To Consider It


I would consider it.

But, I need one thing first.

Okay, it is more like two things.

I need you to tell me how you feel about him.

And, I need you to tell me what you feel about the statement.

Tell me, how you felt when he called Mexicans rapist.

Tell me, how it is okay to brag about grabbing women “by the pussy”.

Tell me, how you feel when he lies again and again.

Tell me.

Tell me, your opinion on Adam and Eve.

Tell me, your opinion of “a homosexual or transgender self-conception”.

Tell me, what you believe.

Tell me.

And, I will consider it.

Because, the next time I see you,

I want to know exactly, precisely the person you are.



This blog will not become a commentary-on-dumb-things-people-post-on-Facebook-blog. The dark-endless-nothingness-void-of-eternal-unending knows that I post plenty of inane musings of my own. Case in point, a caption reading, “A little rain didn’t stop me from trying out my new grill. It works amazingly well!” for the picture of my newly assembled grill inside my apartment with a Chipotle to-go bag.

See, dumb.

But when I come across a post that begins: “Okay. Here we go. I want to say this: WE DO NOT NEED THE OPINION FROM ANY NEW YORKER OR CALIFORNIAN OR ANYONE ELSE WHO WANTS TO TWIST THIS HURRICANE INTO BEING PRESIDENT TRUMPS FAULT . . .” My snowflake heart can’t help itself.

Because here’s the thing, and I am going to ignore the rest of the poster’s meandering and heartfelt response, to just say this. No one, and I do mean no one credible, is saying the hurricane is 45’s fault.

Hades, I would love to blame it on a man who defends white supremacy, but I can’t because that is just plain dumb.




Wait for it . . .

. . .

. . .

not yet

. . .


In the grand scope of all things dumb, it falls very close to an actual human being arguing that it is more credible to blame the Hurricane Harvey on Houston electing a lesbian mayor than climate change.

I follow the news very closely, in all likelihood too closely, and nowhere have I seen anyone credible blame the hurricane on a man who brags about sexual assaulting women.

But, here is what will be and is 45’s fault.

Rolling back flood protections to account for climate change.

Gutting the EPA by putting a man in charge who spent his Oklahoma career suing the EPA.

Endorsing concentration camps and racism with his pardon of Joe Arpaio.

Banning transgender service members from the military.

. . . Okay, this got away from me for a minute. I was going to stick with just the tip of the environmental iceberg, but since they are melting, I delved into other territory.

This post has certainly gotten away from me at this point.

I guess I am just tired of it.

I am tired of people defending the indefensible. (Joe Arpaio, exhibit 1)

I am tired of the hate and ignorance. (Trans-related healthcare less than 10 million, removing trans-military personnel estimated $960 million, exhibit 1)

I am tired of the constant corruption and lies with no accountability. (Russia, Emoluments clause, Russia, moral failings, Russia, exhibits . . . ugh, just see the link below)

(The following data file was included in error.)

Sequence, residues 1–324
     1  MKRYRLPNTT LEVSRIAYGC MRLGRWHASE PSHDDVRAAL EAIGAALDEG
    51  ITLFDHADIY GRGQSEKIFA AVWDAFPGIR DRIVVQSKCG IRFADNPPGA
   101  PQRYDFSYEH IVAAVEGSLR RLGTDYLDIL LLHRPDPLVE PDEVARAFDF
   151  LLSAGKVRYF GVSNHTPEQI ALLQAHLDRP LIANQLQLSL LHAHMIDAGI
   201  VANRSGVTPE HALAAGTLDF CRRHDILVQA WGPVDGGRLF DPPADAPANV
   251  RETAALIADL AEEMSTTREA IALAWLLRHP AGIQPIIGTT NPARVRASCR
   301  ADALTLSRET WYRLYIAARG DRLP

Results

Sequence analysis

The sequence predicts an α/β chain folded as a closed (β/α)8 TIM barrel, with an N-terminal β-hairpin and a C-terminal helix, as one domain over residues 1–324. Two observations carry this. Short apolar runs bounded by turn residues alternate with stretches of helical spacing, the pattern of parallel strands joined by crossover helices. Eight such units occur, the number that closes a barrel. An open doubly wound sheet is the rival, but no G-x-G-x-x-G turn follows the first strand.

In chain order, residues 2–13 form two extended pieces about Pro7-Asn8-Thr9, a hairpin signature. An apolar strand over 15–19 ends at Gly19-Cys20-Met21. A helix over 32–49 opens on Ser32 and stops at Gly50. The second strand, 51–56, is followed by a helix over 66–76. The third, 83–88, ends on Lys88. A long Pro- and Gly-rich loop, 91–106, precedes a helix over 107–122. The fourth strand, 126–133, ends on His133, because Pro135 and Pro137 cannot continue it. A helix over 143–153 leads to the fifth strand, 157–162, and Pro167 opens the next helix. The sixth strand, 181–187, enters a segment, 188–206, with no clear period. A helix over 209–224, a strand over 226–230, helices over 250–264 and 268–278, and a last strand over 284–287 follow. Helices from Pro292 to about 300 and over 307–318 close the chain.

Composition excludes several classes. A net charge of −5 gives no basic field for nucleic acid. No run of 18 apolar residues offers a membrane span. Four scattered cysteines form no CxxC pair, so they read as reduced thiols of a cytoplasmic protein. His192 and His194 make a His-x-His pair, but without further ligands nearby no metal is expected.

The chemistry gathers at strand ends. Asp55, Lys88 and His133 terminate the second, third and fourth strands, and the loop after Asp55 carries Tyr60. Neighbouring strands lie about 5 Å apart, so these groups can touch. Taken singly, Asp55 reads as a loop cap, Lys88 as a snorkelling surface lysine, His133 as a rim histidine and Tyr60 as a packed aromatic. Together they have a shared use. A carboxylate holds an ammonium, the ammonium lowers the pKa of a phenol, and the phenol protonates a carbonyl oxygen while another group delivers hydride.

Everyday is another setback.

Everyday is another obstacle.

Everyday is another opportunity.

An opportunity to do right.

An opportunity to stand up.

An opportunity to resist.

So, to reel this post back in, no, 45 is not to blame for the hurricane. No one person is to blame. Hurricanes happens.

But, we do know that this hurricane was more devastating than normal. And there are many reasons why, ranging from unregulated urban sprawl to climate change.

Denying facts don’t make them go away.


“Lesbian Ex-Mayor Has Perfect Response To Ann Coulter’s Hurricane Nonsense”

“Trump Signs Order Ruling Back Environmental Rules on Infrastructure”

“Scott Pruitt is leaving a toxic trail at the EPA after only six months on the job”

“It’s Impossible to Overstate How Truly Vile Joe Arpaio Is”

“Banning Transgender Troops Could Cost U.S. $960 Million Report Says”

“The 88 reasons Trump is unfit to serve as President, according to an official Democrats resolution”

“Why Houston’s flooding got so bad, according to storm experts”

“Hurricane Harvey and Climate Change”

My Ideal Bookshelf – Job: A Comedy of Justice

Job: A Comedy of Justice, Robert A. Heinlein

Oh, religion.

I’d call you quaint and adorable, but you are used to embolden bigots and racists. You are used to subjugate women. You are used to justify wars and murder. You are . . . Okay, this post is about another Heinlein novel, not my many bones to pick with religion . . . This is going to go well.

During my ninth grade year of high school, once a week, I made the mile or so trek up the hill from my high school to my grandparents’ diner where I met with an elder of the church to discuss the weekly readings from The New Testament. Honestly, I don’t remember which gospel it was. Perhaps, Mark, Luke, John, or Ringo. But, it was required reading in order to be confirmed in the Methodist Church.

I don’t remember what prompted this confirmation quest.

Was this my final attempt at connecting with the omnipotent bearded man in the sky?

Or, was this another attempt by family forces to get me to accept the three-faced god into my heart?

My previous attempts to find some meaning in “the good book” resulted in memories of being bullied, feeling isolated, and being a confidant for my youth minister as she described the suicidal tendencies of her husband.